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Minimum Vertex Cover in Rectangle Graphs R. Bar-Yehuda, D. Hermelin, and D. Rawitz 1.

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Presentation on theme: "Minimum Vertex Cover in Rectangle Graphs R. Bar-Yehuda, D. Hermelin, and D. Rawitz 1."— Presentation transcript:

1 Minimum Vertex Cover in Rectangle Graphs R. Bar-Yehuda, D. Hermelin, and D. Rawitz 1

2 Vertex Cover in Rectangle Graphs R’  R s.t. R - R’ is pairwise non-intersecting: 2

3 Vertex Cover in Rectangle Graphs R’  R s.t. R - R’ is pairwise non-intersecting: 3

4 Vertex Cover in Rectangle Graphs R’  R s.t. R - R’ is pairwise non-intersecting: 4

5 Applications Critical section scheduling rectangles are jobs x-axis = time y-axis = shared resource dump min number of jobs to get a feasible schedule Automated map labeling rectangles are labels dump min number of labels to get a pairwise non-intersecting labeling 5

6 Previous Work NP-hard [Fowler et al. 1981] PTAS for equal height rectangles [Agarwal et al. 1998] PTAS for squares [Chan 2003] PTAS for bounded aspect-ratio rectangles [Erlebach et al. 2005] EPTAS for unit-squares [Marx 2005] f(1/  )  n O(1) instead of n f(1/  ). EPTAS for squares [van Leeuwen 2006] PTAS for non-crossing rectangles [Chan and Har-Peled 2009] no pair of rectangles intersect as follows: 6

7 Our results 1.EPTAS for non-crossing rectangles Improving [Chan and Har-Peled 2009] from a PTAS to an EPTAS. Extends to pseudo-disks. Open problem: Weighted case 2.(1.5 +  )-approx. for general rectangles First approximation for general rectangles which is better than 2. Extends to the weighted case. 7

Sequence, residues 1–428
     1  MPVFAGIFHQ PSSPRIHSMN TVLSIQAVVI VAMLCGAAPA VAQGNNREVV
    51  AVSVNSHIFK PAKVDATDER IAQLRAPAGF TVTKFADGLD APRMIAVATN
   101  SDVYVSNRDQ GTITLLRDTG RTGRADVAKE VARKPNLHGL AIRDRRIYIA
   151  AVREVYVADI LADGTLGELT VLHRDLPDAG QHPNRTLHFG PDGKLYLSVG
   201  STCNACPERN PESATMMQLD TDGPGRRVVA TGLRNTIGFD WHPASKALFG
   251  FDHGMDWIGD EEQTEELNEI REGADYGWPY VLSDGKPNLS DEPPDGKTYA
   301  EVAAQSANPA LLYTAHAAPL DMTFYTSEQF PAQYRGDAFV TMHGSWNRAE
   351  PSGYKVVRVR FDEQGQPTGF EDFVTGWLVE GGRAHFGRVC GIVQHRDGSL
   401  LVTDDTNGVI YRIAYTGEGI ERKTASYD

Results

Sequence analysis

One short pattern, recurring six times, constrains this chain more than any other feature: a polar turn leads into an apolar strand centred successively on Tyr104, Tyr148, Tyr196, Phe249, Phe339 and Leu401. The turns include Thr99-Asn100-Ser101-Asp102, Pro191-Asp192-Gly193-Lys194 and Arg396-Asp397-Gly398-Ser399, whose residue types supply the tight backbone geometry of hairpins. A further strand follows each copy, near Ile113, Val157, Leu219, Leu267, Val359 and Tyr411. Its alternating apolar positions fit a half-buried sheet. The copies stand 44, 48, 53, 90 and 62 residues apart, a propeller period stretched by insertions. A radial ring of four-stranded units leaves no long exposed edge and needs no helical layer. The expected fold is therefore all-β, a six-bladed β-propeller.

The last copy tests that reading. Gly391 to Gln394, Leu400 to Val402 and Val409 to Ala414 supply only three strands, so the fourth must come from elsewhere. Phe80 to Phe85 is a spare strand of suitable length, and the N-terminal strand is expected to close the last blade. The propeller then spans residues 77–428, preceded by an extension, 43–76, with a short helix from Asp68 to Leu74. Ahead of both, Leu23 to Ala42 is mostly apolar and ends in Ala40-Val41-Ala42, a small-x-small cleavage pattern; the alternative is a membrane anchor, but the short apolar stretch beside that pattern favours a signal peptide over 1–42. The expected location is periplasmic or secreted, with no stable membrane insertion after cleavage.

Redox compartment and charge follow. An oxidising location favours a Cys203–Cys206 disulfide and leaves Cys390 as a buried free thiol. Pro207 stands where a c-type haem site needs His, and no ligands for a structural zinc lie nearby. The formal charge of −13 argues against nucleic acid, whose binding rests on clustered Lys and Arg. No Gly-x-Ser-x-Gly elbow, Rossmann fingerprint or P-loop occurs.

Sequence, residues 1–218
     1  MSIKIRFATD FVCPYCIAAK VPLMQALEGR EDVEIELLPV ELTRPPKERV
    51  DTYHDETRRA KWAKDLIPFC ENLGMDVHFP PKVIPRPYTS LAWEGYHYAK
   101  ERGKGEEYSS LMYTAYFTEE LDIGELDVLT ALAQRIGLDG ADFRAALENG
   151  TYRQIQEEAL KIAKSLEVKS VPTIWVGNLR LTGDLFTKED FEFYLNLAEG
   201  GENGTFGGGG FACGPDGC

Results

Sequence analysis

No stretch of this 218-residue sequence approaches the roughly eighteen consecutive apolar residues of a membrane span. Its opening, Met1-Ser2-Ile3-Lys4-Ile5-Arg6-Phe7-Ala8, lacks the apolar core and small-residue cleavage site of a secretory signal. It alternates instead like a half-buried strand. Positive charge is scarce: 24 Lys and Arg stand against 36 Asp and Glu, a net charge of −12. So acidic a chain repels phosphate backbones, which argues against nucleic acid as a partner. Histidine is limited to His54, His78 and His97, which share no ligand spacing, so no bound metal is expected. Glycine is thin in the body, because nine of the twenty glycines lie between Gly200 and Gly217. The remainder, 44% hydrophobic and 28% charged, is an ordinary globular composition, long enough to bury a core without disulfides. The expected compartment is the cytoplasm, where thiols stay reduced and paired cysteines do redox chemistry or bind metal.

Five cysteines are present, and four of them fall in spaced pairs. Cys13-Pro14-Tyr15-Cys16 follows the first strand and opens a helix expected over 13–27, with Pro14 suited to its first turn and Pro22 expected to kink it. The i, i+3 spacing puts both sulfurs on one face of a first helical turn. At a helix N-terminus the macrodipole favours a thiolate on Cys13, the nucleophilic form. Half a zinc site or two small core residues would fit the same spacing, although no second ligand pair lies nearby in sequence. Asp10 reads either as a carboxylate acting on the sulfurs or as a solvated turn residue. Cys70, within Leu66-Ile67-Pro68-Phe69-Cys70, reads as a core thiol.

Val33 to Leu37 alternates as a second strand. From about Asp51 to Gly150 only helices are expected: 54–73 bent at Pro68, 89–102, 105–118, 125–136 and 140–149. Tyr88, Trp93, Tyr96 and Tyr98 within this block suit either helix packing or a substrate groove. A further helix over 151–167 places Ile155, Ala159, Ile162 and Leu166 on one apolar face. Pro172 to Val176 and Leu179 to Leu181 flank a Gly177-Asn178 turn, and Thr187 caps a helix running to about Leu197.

8 Two Standard Tools 1.K (q+1) -freeness :  –approx. in K (q+1) -free rectangle families  max{ ,1+1/q} –approx. in general rectangle families Examples: 1-approx. in K 3 -free rectangle families  1.5-approx. in general families 1.25-approx. in K 5 -free rectangle families  1.25-approx. in general families 8

9 Two Standard Tools  –approx. in K (q+1) -free rectangle families  max{ ,1+1/q} –approx. in general rectangle families Proof: Compute a maximal set R’  R of non-intersecting K (q+1) ‘s, and add it to the solution. Any solution must include a q/(q+1) fraction of R’. Use local-ratio for weighted rectangles. 1.K (q+1) -freeness : 9

10 Two Standard Tools Nemhauser & Trotter preprocessing: Compute R’  R s.t.:  –approx. for G[R’] gives an  –approx. for G[R]. R’ is a 2–approx. for G[R’] 2.R itself is a 2-approx. solution: 10

11 General Rectangles 1.Remove all K 3 ’s. 2.Apply Nemhauser&Trotter. 3.Partition R into two non-crossing families R 1 and R 2. 4.Compute (1+  )-approx solutions S 1 and S 2 for R 1 and R 2. 5.Return the best of S 1  R 2 and S 2  R 1. |S 1  R 2 | + |S 2  R 1 |  (1+  )  (OPT 1 + OPT 2 ) + |R|  (3+  )  OPT min{|S 1  R 2 |,|S 2  R 1 |}  (1.5+  )  OPT Analysis 11

12 General Rectangles How to partition R into two non-crossing families R 1 and R 2 ? Recall R is K 3 -free, so no 3 pairwise crossing rectangles. Crossing is a partial order so apply Dilworth’s Theorem. 12

13 General Rectangles The weighted case: Our EPTAS for non-crossing rectangles does not apply. Planarity Lemma: If R is non-crossing and K 3 -free then G[R] is planar. Proof: 1.Assign each intersection area to one of the rectangles. 13

14 General Rectangles The weighted case: Our EPTAS for non-crossing rectangles does not apply. Planarity Lemma: If R is non-crossing and K 3 -free then G[R] is planar. Proof: 1.Assign each intersection area to one of the rectangles. 2.Two rectangles intersect iff resulting faces share a boundary. 3.Thus, G[R] is the dual of a planar graph, and so it is planar. 14